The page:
KIGALI (Reuters) - Rwanda on Thursday presented seven objections to a U.N. report accusing its troops of committing atrocities in the Democratic Republic of Congo and said publishing it could threaten regional stability.
The U.N. High Commissioner for Human Rights report details some 600 serious crimes committed by various forces from a number of nations in Congo from 1993-2003.
In August, Rwanda threatened to pull its 3,500 U.N. peacekeepers out of Sudan's western Darfur region, following the leaked report's accusations that the crimes committed could be construed as genocide.
President Paul Kagame later decided to keep its troops in the conflict-torn territory after consultations with U.N. Secretary General Ban Ki-moon.
Rwanda government spokeswoman and Foreign Minister Louise Mushikiwabo described the draft document to be released on October1 as flawed and dangerous. Its official publication will include comments from concerned countries, including Rwanda.
"Our comments to the U.N. today demonstrate how the Mapping Exercise has been a moral and intellectual failure -- as well as an insult to history," Mushikiwabo said in a statement.
U.N. peacekeepers were widely criticised for failing to prevent the 1994 slaughter of 800,000 Tutsis and moderate Hutus in Rwanda that ended only after Tutsi-led fighters under current President Kagame retook control of the country.
Rwanda's army then invaded Congo, ostensibly to hunt down Hutu fighters who had taken part in the killings and fled into eastern Congo along with over a million Hutu civilians.
The U.N. probe accused Rwanda of systematically killing tens of thousands of Hutu refugees -- crimes that it said could be considered as genocide if proven by a competent court.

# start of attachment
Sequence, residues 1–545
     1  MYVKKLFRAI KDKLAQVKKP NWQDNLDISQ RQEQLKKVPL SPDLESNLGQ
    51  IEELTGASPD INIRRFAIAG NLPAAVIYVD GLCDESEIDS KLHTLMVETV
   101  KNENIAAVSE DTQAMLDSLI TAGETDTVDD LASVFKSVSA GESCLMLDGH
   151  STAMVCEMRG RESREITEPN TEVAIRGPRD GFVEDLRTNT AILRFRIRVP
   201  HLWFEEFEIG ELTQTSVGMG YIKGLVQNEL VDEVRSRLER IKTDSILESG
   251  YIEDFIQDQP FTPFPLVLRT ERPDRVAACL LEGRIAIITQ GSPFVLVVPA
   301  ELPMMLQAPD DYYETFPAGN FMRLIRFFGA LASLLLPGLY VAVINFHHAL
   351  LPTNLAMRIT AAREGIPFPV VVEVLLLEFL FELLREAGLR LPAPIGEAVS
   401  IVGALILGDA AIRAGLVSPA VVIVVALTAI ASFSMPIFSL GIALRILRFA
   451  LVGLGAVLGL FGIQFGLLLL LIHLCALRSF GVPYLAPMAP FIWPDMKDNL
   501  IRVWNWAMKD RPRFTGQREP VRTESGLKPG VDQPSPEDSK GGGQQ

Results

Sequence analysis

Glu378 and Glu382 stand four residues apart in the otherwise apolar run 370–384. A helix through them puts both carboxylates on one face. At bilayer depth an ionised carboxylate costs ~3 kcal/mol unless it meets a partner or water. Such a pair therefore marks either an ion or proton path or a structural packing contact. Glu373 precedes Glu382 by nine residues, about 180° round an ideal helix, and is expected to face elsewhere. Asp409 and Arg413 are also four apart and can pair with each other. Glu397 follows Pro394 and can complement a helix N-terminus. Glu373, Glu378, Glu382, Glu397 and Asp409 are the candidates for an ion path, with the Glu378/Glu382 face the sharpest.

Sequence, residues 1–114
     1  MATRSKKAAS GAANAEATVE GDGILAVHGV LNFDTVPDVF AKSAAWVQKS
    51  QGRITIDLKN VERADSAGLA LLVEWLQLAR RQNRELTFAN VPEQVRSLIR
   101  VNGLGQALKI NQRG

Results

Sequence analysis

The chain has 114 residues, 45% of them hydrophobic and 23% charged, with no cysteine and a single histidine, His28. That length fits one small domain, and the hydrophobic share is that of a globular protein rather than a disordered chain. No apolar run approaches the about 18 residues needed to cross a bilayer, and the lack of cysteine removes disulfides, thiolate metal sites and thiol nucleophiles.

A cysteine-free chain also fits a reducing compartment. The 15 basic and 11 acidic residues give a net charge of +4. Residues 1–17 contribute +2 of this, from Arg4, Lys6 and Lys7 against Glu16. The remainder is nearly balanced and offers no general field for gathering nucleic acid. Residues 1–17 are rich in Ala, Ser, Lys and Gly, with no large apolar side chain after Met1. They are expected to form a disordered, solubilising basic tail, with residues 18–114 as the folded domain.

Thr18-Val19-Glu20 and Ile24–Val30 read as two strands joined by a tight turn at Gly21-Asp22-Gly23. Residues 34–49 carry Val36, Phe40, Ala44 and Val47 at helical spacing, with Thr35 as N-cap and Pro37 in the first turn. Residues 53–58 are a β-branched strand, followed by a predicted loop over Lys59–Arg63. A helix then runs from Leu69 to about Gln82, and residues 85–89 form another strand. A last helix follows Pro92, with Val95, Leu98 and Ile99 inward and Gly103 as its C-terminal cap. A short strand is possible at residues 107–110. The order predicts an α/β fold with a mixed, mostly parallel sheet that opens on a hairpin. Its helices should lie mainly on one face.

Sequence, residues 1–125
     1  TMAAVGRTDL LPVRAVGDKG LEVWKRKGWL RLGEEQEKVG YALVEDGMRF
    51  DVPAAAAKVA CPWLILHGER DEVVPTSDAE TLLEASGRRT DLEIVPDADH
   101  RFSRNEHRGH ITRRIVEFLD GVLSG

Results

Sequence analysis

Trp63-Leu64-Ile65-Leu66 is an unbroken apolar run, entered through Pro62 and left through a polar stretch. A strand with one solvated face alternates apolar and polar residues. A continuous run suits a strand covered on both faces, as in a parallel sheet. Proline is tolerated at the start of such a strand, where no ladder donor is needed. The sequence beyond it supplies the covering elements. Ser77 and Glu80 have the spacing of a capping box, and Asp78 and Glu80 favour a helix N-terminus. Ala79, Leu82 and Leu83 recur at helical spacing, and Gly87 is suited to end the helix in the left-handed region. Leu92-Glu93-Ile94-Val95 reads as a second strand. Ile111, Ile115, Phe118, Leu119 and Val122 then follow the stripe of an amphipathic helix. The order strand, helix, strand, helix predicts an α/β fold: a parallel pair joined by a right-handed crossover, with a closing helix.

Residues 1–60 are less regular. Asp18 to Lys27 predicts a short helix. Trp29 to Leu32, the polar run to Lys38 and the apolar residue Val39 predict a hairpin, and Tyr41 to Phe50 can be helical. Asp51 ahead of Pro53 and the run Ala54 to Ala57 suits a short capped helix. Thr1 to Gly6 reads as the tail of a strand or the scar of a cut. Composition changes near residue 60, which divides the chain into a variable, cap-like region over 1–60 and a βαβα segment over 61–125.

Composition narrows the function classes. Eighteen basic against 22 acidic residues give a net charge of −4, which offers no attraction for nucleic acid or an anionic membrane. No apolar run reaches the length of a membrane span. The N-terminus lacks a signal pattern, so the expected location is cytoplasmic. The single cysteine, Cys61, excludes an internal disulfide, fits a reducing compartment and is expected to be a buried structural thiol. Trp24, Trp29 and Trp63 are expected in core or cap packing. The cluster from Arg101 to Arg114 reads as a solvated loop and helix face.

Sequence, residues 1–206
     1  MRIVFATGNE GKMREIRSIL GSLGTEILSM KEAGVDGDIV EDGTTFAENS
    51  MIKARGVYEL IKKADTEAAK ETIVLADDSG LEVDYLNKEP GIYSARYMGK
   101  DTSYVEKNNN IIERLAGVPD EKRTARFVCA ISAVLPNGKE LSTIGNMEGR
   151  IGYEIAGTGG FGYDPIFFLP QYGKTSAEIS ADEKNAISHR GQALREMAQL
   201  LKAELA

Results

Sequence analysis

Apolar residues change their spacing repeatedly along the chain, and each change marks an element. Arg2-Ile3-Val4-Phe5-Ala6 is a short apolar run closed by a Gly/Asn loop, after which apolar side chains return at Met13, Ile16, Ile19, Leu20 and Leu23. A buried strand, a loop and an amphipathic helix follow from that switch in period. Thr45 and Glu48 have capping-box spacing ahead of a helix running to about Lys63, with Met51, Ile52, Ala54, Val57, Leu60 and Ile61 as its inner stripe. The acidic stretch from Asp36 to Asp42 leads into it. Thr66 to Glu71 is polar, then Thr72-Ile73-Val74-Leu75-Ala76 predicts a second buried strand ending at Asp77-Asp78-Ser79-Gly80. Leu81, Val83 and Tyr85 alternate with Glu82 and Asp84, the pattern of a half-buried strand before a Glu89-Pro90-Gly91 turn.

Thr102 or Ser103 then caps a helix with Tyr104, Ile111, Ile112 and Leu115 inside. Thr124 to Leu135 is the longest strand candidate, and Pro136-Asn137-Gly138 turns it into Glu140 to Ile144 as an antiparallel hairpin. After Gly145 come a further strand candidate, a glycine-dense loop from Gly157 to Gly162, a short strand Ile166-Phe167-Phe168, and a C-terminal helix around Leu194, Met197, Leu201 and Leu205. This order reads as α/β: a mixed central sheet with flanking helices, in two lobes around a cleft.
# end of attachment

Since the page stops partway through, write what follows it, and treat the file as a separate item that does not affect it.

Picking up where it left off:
In its objections, Rwanda said the leaked draft lacks historical context, in particular the 'immediate and serious threat posed by armed and ideologically charged refugees' living just over the border.
Rwanda said the report used flawed methodology, 'the lowest imaginable evidentiary standard' and relied too much on the use of anonymous sources.
The central African country said the U.N. had been manipulated to rewrite history and that the draft contradicted eyewitness accounts saying Hutu fighters, often posing as civilians, used the refugee camps as cover.
The genocide charge also contradicts Rwanda's efforts repatriate, resettle and reintegrate several million Hutu refugees, the statement said.
"Given these objections, it seems clear that no amount of tinkering can resuscitate the credibility of this fundamentally misguided process," said Mushikiwabo.
Neighbouring Uganda and Burundi have also raised objections to their being mentioned as having taken part in the abuses outlined in the report.